List Price: $25
Publisher: Simon & Schuster
First entered: 16th, Jul 2016
Number of weeks: 3
In the follow-up to her #1 bestselling memoir, A Stolen Life, Jaycee Dugard tells the story of her first experiences after years in captivity: the joys that accompanied her newfound freedom and the challenges of adjusting to life on her own.
When Jaycee Dugard was eleven years old, she was abducted from a school bus stop within sight of her home in South Lake Tahoe, California. She was missing for more than eighteen years, held captive by Philip and Nancy Garrido, and gave birth to two daughters during her imprisonment.
A Stolen Life, which sold nearly two million copies, told the story of Jaycee’s life from her abduction in 1991 through her reappearance in 2009. Freedom: My Book of Firsts is about everything that happened next.
“How do you rebuild a life?” Jaycee asks.
In these pages, she describes the life she never thought she would live to see: from her first sight of her mother to her first time meeting her grownup sister, her first trip to the dentist to her daughters’ first day of school, her first taste of champagne to her first hangover, her first time behind the wheel to her first speeding ticket, and her first dance at a friend’s wedding to her first thoughts about the possibility of a future relationship.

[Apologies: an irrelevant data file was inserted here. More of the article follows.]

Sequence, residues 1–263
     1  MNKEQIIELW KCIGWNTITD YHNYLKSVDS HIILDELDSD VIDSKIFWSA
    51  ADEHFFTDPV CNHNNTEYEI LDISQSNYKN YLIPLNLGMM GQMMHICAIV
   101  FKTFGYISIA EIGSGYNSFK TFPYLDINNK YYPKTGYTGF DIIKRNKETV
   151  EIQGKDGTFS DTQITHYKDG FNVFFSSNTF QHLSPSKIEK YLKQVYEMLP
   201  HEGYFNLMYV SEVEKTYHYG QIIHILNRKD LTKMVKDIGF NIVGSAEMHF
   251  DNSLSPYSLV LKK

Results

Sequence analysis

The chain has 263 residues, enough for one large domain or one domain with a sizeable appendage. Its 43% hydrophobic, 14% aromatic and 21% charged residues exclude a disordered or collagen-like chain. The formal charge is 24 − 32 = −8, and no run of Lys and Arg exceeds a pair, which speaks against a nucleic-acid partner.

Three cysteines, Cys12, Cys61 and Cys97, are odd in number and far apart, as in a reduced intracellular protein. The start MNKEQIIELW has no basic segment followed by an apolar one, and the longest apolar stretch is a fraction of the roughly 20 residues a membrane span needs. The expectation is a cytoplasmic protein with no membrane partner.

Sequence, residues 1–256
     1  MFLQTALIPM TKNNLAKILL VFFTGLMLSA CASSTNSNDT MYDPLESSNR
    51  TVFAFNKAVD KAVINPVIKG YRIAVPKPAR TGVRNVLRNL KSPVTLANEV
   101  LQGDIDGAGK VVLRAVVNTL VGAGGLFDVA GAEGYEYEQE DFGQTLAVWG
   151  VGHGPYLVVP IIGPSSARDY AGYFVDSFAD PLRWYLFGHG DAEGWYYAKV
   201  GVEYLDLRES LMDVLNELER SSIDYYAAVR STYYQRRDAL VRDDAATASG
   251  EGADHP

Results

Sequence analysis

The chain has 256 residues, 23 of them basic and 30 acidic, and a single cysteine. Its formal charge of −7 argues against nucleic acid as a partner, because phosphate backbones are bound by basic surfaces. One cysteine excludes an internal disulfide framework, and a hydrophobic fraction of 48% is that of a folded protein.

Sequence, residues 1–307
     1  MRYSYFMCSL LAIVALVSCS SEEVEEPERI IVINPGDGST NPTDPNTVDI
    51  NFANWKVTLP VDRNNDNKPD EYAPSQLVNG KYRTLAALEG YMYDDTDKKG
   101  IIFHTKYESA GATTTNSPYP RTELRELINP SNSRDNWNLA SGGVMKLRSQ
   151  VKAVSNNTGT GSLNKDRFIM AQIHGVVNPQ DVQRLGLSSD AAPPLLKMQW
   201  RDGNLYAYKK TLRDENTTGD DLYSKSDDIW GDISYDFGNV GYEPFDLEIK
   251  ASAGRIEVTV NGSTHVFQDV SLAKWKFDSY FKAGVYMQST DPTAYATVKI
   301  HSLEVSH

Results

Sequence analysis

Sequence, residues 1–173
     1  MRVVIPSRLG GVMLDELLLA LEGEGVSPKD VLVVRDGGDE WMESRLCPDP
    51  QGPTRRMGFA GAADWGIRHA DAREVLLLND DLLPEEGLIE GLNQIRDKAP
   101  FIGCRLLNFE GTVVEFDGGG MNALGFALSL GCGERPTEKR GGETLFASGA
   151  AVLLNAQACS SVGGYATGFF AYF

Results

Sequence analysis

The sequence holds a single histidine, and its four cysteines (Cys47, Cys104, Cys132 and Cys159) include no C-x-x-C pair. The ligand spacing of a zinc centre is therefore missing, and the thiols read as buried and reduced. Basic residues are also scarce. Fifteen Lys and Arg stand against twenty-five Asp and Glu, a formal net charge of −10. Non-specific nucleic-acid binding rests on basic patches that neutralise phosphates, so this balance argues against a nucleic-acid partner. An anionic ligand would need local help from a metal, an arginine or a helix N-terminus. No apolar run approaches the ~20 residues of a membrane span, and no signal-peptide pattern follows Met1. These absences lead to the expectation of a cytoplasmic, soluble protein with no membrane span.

This raw and inspiring book will remind readers that there is, as Jaycee writes, “life after something tragic happens…Somehow, I still believe that we each hold the key to our own happiness and you have to grab it where you can in whatever form it might take.”
Name: Jaycee Dugard
Hometown: Anaheim, California
Born: May, 1980
About the author:
The kidnapping of Jaycee Lee Dugard occurred on June 10, 1991, when she was 11 years old. Dugard was abducted from a school bus stop within sight of her home in South Lake Tahoe, California. Searches began immediately after the kidnapping, but no reliable leads were generated. She remained missing for more than 18 years.
On August 25, 2009, convicted sex offender Phillip Craig Garrido visited the campus of UC Berkeley accompanied by two young girls. Their unusual behavior there sparked an investigation that led to his bringing the two girls to a parole office on August 26, accompanied by a woman who was then identified as Dugard.
Garrido, 58, and his wife Nancy Garrido, 54, of Antioch, California, were arrested for kidnapping and other charges; they pleaded guilty on April 28, 2011 to Dugard's kidnapping and sexual assault. Law enforcement officers believe Dugard was kept in a concealed area behind Garrido's house in Antioch for 18 years. During this time Dugard bore two daughters who were aged 11 and 15 at the time of her reappearance.
On June 2, 2011, Philip Garrido was sentenced to 431 years' imprisonment; his wife received 36 years to life.